There's an old saying: "Fish where the fish are." That's exactly the approach big brands are taking as the era of Facebook, Twitter and YouTube transforms how companies engage with consumers, especially the youth market.
Case in point: Coca Cola (KO). The beverage giant is taking a deep dive into experimental marketing, in line with one of the key elements outlined in the company's 2020 vision: to develop and deploy the world's most innovative and effective marketing. One key component in the charge is Expedition 206, which is being touted as the largest social media program ever.
Starting from Madrid on Jan. 1, three young people, known as "Happiness Ambassadors" (in my opinion, one of the coolest gigs on Earth), will travel to all 206 countries where Coca-Cola is distributed, and blog, tweet and otherwise communicate about their experiences online. The lucky trio was announced last week at Coke's investors conference. They are: Tony Martin, 29, a Washington, D.C., native, now teaching kindergarten in Munich; Kelly Ferris, 23, a university student in Brussels and native of South Africa; and Antonio "Toño" Santiago, 24, a university student from Mexico City.
Click through the gallery to learn more about Coca-Cola's 'Open Happiness' ambassadors.
The Coca-Cola Company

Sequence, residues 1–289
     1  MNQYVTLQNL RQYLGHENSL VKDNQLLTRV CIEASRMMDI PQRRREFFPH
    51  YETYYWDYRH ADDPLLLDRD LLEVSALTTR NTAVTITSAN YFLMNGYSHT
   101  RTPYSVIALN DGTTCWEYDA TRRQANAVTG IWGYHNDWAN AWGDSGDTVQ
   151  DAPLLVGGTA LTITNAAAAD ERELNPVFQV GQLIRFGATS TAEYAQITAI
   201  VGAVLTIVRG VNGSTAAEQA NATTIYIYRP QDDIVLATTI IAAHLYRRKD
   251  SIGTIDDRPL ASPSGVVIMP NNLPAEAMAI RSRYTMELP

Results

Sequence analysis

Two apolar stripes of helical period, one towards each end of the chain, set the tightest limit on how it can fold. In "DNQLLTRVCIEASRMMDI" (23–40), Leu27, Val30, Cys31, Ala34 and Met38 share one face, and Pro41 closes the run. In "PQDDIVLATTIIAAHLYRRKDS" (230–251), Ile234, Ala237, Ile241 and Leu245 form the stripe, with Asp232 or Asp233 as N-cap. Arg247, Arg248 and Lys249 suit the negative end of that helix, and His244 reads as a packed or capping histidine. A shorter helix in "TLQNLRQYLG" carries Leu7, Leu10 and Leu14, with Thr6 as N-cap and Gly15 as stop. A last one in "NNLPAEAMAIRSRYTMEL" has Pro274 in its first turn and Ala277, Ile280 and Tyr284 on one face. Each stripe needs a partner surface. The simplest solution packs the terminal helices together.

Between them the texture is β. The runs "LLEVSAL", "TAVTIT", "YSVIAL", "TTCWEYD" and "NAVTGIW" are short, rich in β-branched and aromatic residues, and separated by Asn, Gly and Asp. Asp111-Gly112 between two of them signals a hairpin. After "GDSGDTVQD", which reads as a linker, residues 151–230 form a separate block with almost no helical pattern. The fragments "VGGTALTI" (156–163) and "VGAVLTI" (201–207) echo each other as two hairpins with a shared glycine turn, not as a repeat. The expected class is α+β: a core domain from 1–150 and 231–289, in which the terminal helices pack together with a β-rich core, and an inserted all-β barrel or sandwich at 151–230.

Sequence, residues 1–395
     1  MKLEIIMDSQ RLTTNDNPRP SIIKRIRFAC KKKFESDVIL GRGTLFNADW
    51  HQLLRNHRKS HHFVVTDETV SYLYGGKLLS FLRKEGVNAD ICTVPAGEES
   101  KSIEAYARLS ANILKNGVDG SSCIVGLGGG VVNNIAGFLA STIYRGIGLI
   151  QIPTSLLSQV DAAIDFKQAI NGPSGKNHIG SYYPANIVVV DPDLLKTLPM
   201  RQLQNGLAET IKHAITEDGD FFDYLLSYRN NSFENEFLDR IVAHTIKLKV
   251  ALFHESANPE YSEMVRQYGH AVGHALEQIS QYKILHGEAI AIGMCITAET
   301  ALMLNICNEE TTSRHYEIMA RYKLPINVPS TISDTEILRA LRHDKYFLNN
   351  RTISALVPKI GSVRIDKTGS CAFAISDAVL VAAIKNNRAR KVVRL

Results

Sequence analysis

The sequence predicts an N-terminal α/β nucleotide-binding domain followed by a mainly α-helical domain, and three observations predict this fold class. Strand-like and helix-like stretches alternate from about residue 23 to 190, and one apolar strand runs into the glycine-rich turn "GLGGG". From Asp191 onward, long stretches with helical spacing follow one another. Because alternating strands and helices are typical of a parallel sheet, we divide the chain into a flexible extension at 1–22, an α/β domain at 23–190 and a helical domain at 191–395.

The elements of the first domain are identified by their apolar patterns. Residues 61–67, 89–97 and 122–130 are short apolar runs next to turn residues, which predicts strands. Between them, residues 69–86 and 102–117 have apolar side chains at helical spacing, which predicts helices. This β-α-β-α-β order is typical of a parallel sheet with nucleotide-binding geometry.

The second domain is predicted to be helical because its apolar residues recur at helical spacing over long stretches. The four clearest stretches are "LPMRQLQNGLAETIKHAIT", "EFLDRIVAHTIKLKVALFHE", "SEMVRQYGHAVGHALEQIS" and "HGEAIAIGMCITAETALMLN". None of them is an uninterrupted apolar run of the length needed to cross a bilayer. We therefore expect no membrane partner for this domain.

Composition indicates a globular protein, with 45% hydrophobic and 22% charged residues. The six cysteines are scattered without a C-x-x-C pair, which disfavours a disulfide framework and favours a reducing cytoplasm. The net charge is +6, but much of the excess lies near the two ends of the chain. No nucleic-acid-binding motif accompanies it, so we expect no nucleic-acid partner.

The Coca-Cola Company
"This project is really the cornerstone of a new philosophy ... that we call fish where the fish are," says Adam Brown, director of digital communications and social media. "We know people are talking about Coca-Cola on our Facebook page, on YouTube, on Flickr." One goal of Expedition 206 is to "put content that's compelling in those locations and get the same type of enthusiasm that we would get from a traditional digital campaign," Brown adds.
The ambassadors will chronicle their journey while asking the people they meet along the way what makes them happy, which is aligned with Coke's "Open Happiness" slogan, unveiled earlier this year. But what Martin, Ferris and Santiago will need most is help from the public. Martin urges followers to "go to expedition206.com, tell us what you did that was cool, where we should go, what kind of food we should check out, because these are the secrets of a place that we can't find out in 2 days. We need people from there to tell us those things so that we can really have that magical journey." While the campaign is sure to give Coke a stronger footing in the social media realm, and allows the company to scale globally while remaining locally relevant, it also helps to reach out to a critical growth area: the youth market.
"The youth market is important for most commercial beverages: carbonated soft drinks, sports drinks," says John Sicher, editor and publisher of Beverage Digest. "Young people generally have the highest per capita consumption of ready to drink beverages." While he notes that the company faltered earlier in the decade by becoming too internally focused, he thinks Coke is getting its marketing mojo back, becoming more externally focused, while working hard to figure out ways to appeal to young consumers.
Coke appears determined to reach this demographic both domestically and in emerging markets over the next decade, with plans to market aggressively to the youth segment. "Nothing will be more important than making Coca-Cola No. 1 with these new, young consumers," says Coca-Cola CEO Muhtar Kent.